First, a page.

UMSL announces new degree in child advocacy studies
The University of Missouri–St. Louis is continuing to expand degree offerings to leverage the expertise of its faculty and to meet the needs of an evolving workforce.
The Missouri Department of Higher Education and Workforce Development approved UMSL’s plan to add a Bachelor of Arts in Applied Psychology of Child Advocacy Studies Thursday. Students can begin enrolling in the program for the Fall 2021 semester.
“UMSL has been at the forefront of the child advocacy field for years with the Kathy J. Weinman Child Advocacy Center and the research and dedication of faculty and staff in our Department of Psychological Sciences,” UMSL Provost Marie Mora said. “Children are our most valuable resource, yet they are also a vulnerable population. This new and innovative degree program shows our commitment to providing hands-on training for future child-serving professionals to be better equipped to nurture and protect them, particularly during times of crisis such as the COVID-19 pandemic. UMSL graduates from this program – which will be one of only three programs of its kind in the country – will go on to make a remarkably positive impact on the St. Louis region’s children, and therefore its future.”
The BA in Applied Psychology of Child Advocacy Studies is designed for undergraduate students seeking training to become trauma-informed professionals in child-serving fields such as victim services, child protection, social services, mental health, health care, law enforcement and public policy.
“We are thrilled to have the opportunity to have the AP-CAST degree approved by the University of Missouri Board of Curators and the Missouri Department of Higher Education and Workforce Development,” said Clinical Professor Jerry Dunn, who serves as the executive director of Children’s Advocacy Services of Greater St. Louis. “It will allow us to deepen and expand the foundation we’ve built with our CAST minor and certificate. It means that more professionals will be available to do the difficult but necessary work to help the community protect kids.
“We are so appreciative of the support we have received from university administrators throughout this process. Everyone from the faculty of the Department of Psychological Sciences, to the Dean’s Office of the College of Arts and Sciences, to the Academic Affairs teams on our campus and at the University of Missouri System level have been behind this proposal since the very beginning over a year and a half ago. We couldn’t have done this without them.”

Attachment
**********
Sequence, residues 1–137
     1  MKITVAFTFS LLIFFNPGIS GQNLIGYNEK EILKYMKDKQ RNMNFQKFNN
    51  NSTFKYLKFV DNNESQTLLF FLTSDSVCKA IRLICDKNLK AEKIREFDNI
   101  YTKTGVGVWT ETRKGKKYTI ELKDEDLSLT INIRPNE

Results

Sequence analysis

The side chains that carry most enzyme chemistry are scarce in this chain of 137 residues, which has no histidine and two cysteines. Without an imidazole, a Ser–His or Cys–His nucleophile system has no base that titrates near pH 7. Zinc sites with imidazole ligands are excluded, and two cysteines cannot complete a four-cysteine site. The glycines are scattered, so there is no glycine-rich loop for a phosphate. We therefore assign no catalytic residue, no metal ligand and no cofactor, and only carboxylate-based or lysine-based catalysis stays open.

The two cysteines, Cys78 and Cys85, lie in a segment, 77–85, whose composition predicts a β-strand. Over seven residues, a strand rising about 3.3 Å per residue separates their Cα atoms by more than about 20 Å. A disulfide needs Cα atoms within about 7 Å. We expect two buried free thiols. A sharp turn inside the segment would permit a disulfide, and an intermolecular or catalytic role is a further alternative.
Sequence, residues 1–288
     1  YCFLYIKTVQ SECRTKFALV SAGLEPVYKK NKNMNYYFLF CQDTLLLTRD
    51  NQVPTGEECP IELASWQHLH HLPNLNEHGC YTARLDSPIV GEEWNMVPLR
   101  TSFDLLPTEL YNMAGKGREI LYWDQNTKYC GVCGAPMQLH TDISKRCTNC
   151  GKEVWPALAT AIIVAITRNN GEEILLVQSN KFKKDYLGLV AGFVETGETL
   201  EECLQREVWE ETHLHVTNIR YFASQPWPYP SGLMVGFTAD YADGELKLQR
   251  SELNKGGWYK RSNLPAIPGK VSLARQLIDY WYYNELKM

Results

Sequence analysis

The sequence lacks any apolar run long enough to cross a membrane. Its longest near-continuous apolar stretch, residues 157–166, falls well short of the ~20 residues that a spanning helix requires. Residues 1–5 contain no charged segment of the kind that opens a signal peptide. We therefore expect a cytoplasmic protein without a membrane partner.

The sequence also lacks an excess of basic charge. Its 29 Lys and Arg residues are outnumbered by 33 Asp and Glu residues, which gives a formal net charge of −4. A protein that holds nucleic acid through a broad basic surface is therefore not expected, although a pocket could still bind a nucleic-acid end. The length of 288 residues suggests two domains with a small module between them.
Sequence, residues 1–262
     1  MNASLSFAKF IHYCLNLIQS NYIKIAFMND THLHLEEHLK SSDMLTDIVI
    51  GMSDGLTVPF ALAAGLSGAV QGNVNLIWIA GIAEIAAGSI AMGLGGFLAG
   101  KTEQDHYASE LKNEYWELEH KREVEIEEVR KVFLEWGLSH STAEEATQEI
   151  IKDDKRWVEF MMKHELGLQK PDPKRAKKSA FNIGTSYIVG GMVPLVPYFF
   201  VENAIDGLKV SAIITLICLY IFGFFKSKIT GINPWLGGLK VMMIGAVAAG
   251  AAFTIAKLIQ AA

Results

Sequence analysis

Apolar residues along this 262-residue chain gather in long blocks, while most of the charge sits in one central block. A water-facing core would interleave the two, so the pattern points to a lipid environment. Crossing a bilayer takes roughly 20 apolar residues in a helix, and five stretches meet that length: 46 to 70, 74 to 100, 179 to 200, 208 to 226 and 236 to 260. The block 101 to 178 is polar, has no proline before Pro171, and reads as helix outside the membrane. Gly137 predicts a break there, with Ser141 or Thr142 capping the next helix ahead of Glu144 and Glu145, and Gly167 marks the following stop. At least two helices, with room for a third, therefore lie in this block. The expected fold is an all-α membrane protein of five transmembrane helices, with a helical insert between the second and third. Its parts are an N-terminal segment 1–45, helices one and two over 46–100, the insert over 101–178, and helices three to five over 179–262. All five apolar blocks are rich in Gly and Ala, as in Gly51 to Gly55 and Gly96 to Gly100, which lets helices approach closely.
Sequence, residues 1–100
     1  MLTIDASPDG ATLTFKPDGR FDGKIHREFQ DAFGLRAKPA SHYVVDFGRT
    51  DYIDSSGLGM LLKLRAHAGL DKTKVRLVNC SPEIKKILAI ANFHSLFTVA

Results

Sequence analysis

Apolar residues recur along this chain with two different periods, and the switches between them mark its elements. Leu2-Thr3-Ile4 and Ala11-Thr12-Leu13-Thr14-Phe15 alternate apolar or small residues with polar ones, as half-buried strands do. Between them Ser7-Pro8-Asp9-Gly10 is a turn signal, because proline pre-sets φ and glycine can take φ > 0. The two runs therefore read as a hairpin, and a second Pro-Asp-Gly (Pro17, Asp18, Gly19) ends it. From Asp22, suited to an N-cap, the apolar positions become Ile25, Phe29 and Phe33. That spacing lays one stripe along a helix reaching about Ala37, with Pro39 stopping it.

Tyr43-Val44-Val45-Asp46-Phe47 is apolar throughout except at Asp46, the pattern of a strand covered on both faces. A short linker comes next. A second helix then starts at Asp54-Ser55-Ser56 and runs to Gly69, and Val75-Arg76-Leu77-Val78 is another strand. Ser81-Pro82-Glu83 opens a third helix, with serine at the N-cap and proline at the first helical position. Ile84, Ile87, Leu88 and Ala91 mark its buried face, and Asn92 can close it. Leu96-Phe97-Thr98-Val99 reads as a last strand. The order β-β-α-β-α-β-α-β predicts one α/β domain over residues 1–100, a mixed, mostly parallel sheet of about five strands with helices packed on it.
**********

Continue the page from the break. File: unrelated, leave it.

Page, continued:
Students will learn about the types and effects of child trauma and how to respond appropriately. They will also learn to advocate for the best interest of children, build relationships with children and families and work cooperatively with professionals in other child-serving sectors.
The program’s training will be an extension of the existing Child Advocacy Studies certificate and minor program, which employ a set of principles called TIERS, or trauma informed experiential reasoning skills.
TIERS help students develop critical-thinking and decision-making competencies that will be deployed in the field. The skills are taught through exercises and “problem-based learning simulations” that mimic situations they will face in the field.
“One of the things that is unique about AP-CAST is that it sits at the intersection of academia and community service,” Dunn said. “It is a degree with an emphasis on skill building and what makes that possible is the strong core of psychological theories and concepts. We enhance that by integrating principles of trauma-informed care throughout the curriculum.”
Dunn noted that the degree will position UMSL to offer a vital resource to the St. Louis community and beyond. Workers in child-serving fields are often overwhelmed with cases, which can put children at risk for substandard care.
However, the new degree program takes a significant step toward addressing this issue.
“Our goal with AP-CAST is not only to increase capacity, but also, the quality of our child-serving workforce,” Dunn said. “With the skills they learn in the AP-CAST program, our graduates will be able to work smarter and more collaboratively to make the systems involved in children’s lives more efficient and more effective.”
The program will meet national standards developed by the Zero Abuse Project, which were previously incorporated into the certificate and minor curricula. UMSL was one of the first universities to implement these standards and is also unique in that Children’s Advocacy Services – a fully functioning child advocacy center – is part of the campus.
“UMSL was very proactive almost 25 years ago when it made the investment to support the Kathy J. Weinman Child Advocacy Center on South Campus,” Dunn said. “This made UMSL one of only a handful of universities linked with a functioning child advocacy center that provides forensic interviews and counseling services in cases of child abuse and neglect. Through the years, we have leveraged this position to build core competencies that we are now able to offer students in the classroom. Because of the direct service we perform, the CAST faculty truly understand what it takes to be successful and sustainable in the real world.”
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